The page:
In another conventional process, the wafer may be left in the etching chamber for a long period of time while the toxic residual gas reactant/species are pumped away. However, this extra time sacrifices throughput because natural desorption is slow. So, theoretically, pumping may remove gases from the vacuum, but not efficiently enhance the desorption. The process of the present invention provides a method for removing the toxic residual gas without the sacrifice of throughput.
Referring now to FIG. 2, the novel method of the present invention for removing trapped toxic residual reactant/species from the wafer surface is described. Immediately after the etching process is completed, the wafer surface is sputtered with non-reactive ions in the same chamber. The non-reactive ions 30 transfer energy to the superficial layer 20 of the wafer surface thereby enhancing the superficial layer temperature of the wafer to activate desorption of the residual toxic gas species. No physical sputtering away of any part of the wafer is achieved by this ion sputtering process. The ion sputtering is used only to transfer energy to the substrate to enhance residual gas desorption.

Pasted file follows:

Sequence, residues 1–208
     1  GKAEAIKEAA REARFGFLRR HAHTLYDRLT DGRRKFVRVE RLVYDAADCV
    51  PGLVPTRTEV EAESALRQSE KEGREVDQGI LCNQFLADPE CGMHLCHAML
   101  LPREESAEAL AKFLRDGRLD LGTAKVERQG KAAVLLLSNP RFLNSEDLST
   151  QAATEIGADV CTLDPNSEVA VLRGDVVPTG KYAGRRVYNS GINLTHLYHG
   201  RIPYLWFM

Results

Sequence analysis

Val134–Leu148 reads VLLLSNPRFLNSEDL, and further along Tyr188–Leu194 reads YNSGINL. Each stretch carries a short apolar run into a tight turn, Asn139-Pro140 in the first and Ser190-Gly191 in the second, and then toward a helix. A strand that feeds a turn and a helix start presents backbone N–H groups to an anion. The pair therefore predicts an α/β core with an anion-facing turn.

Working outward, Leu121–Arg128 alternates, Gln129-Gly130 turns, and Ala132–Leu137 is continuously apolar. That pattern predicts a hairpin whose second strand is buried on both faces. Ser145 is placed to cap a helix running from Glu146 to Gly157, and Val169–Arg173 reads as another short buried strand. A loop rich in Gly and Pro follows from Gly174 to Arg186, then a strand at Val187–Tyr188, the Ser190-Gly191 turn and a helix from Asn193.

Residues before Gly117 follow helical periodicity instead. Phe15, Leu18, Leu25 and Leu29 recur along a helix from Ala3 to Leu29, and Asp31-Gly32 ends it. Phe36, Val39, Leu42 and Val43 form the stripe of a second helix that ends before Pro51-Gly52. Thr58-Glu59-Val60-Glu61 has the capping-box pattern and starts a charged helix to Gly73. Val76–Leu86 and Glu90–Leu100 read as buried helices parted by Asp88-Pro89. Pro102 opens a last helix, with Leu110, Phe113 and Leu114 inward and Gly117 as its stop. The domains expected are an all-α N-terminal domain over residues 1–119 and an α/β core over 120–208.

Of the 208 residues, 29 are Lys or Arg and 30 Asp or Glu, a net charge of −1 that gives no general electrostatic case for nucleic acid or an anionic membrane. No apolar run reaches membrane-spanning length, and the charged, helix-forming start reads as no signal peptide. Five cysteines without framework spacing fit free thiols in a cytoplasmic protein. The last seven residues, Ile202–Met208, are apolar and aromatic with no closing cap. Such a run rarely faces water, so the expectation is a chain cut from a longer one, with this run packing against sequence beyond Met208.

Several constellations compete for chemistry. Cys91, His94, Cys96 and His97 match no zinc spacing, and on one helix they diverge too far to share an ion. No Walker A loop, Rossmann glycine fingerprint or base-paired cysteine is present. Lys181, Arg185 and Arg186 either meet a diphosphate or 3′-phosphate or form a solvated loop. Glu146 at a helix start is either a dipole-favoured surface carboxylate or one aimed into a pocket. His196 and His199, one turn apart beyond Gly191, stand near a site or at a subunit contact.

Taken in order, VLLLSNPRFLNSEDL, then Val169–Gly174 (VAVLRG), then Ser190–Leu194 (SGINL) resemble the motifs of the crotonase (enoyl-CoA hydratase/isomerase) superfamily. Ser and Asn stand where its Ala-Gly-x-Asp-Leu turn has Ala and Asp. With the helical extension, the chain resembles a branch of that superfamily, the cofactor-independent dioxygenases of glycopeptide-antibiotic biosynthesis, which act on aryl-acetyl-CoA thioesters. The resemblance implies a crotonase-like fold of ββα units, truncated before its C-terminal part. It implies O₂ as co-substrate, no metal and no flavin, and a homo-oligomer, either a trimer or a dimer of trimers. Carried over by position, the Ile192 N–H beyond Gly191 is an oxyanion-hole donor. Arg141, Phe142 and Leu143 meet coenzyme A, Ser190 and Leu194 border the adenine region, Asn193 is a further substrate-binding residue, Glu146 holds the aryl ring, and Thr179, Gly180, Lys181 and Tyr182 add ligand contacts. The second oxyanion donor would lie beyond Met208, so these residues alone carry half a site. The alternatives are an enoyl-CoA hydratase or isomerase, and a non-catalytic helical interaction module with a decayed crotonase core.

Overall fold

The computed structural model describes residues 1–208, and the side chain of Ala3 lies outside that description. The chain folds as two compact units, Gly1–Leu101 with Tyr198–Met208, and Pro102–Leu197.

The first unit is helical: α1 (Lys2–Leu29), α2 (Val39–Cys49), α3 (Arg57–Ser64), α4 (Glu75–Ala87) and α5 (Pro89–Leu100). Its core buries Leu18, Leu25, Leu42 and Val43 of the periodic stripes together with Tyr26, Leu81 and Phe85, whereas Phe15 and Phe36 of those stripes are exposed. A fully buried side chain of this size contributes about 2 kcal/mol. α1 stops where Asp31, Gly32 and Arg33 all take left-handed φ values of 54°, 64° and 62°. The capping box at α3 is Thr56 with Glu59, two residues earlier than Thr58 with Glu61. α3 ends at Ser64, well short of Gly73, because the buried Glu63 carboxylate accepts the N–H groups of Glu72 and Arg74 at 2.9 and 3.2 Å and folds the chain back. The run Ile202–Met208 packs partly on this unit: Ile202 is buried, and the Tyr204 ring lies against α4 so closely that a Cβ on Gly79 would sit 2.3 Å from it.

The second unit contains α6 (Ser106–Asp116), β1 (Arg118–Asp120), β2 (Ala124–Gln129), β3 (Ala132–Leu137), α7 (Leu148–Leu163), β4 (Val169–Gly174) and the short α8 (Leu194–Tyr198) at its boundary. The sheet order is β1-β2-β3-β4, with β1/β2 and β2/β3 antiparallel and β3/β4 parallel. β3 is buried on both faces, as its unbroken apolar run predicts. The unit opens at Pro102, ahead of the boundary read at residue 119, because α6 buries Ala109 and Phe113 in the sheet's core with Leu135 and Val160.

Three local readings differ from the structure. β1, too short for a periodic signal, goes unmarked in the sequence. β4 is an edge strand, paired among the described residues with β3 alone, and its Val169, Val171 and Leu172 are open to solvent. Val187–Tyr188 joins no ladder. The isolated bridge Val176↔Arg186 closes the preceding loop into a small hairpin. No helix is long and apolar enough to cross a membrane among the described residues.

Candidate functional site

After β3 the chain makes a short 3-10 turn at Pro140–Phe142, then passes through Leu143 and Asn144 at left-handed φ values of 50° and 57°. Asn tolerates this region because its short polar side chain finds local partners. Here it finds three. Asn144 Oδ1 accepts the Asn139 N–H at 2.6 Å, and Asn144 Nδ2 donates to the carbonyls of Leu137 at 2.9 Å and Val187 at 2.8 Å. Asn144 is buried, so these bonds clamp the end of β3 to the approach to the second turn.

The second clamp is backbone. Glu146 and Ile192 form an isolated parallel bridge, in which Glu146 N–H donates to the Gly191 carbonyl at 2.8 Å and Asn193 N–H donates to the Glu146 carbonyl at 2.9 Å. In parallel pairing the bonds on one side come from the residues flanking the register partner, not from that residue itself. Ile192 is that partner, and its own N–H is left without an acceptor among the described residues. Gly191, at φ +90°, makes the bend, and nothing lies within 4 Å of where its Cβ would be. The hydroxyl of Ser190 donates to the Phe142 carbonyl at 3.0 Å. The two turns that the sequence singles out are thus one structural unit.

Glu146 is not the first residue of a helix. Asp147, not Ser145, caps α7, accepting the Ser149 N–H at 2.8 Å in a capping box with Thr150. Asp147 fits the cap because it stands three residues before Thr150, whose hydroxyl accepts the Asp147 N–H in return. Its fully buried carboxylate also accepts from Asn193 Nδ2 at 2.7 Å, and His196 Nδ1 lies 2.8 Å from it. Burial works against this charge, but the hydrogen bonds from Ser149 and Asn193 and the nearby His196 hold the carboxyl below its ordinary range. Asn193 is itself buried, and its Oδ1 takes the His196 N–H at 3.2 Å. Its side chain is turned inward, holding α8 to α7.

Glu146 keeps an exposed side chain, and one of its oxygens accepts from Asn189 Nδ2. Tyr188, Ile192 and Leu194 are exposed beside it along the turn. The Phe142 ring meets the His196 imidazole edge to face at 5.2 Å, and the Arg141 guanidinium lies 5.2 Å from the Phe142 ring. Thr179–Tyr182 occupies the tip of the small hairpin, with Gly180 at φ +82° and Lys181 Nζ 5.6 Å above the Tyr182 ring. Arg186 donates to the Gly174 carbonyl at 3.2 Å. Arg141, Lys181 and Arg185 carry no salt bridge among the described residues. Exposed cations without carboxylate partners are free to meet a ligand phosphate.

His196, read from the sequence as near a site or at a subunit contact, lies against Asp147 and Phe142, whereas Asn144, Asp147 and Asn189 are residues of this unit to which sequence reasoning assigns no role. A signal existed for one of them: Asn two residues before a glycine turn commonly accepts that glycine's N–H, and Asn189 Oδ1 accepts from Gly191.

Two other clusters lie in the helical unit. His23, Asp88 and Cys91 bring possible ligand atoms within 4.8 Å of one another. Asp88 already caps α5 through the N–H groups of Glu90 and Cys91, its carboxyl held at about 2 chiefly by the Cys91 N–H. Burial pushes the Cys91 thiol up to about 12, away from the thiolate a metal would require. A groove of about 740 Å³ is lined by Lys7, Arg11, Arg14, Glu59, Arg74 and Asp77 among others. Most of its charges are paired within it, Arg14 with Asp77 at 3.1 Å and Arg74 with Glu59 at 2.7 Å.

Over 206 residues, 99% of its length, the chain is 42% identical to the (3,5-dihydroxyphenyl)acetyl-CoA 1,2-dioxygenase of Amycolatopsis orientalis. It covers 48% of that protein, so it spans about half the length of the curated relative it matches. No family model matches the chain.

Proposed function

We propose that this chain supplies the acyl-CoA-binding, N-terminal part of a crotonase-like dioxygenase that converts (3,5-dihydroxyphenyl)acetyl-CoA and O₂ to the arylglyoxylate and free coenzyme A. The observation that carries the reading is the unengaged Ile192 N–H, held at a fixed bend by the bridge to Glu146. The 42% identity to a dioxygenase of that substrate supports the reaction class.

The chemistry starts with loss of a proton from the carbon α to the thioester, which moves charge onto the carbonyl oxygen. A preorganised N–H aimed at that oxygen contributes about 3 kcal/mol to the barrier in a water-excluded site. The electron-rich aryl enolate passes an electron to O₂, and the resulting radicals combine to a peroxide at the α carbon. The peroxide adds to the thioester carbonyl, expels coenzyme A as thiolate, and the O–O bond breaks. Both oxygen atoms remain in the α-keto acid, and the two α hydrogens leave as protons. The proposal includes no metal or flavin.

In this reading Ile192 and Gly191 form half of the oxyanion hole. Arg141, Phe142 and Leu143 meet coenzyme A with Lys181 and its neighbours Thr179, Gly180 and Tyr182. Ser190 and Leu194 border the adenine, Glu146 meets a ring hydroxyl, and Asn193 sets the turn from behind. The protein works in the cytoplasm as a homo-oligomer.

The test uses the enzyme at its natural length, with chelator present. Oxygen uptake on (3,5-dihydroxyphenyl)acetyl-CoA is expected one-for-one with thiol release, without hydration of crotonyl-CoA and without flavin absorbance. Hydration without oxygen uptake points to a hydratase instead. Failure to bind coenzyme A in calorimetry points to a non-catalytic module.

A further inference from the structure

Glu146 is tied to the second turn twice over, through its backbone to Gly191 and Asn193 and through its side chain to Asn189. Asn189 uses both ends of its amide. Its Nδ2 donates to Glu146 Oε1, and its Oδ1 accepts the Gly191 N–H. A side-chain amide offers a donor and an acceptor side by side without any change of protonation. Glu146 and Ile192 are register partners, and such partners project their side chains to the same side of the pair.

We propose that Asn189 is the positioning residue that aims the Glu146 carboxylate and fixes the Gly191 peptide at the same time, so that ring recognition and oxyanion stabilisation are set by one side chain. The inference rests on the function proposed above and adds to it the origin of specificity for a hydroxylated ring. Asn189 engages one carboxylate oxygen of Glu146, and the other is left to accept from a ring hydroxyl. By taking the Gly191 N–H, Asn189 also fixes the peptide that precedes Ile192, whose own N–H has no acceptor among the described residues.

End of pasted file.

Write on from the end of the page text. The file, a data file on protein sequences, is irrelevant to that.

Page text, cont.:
As shown in FIG. 2, the residual toxic gas species 25 are desorbed from the polymer layer and leave the wafer surface as shown by the arrows. The released residual toxic gas species can now be evacuated from the chamber in a safe manner by pumping away through a dedicated exhaust pipeline. This alleviates the safety concern at later process steps. In addition, it helps to reduce the chamber memory effect since the ion sputtering may also help desorb the reactive species adsorbed on the chamber wall. Furthermore, no significant impact is introduced to the processing since the ions are non-reactive. This is an in-situ process because it is formed in the same etching chamber immediately following the etching step.
More specifically, the novel toxic residual gas removal process of the present invention comprises sputtering the surface of the wafer with non-reactive ions including O+, O2 +, N+, N2 +, Ar+, Ne+, Kr+, and X+. The ions are flowed at between about 100 and 500 sccm at a pressure of between about 10 and 100 mTorr. A top power of 200 to 800 watts and bottom power of 50 to 100 watts are applied.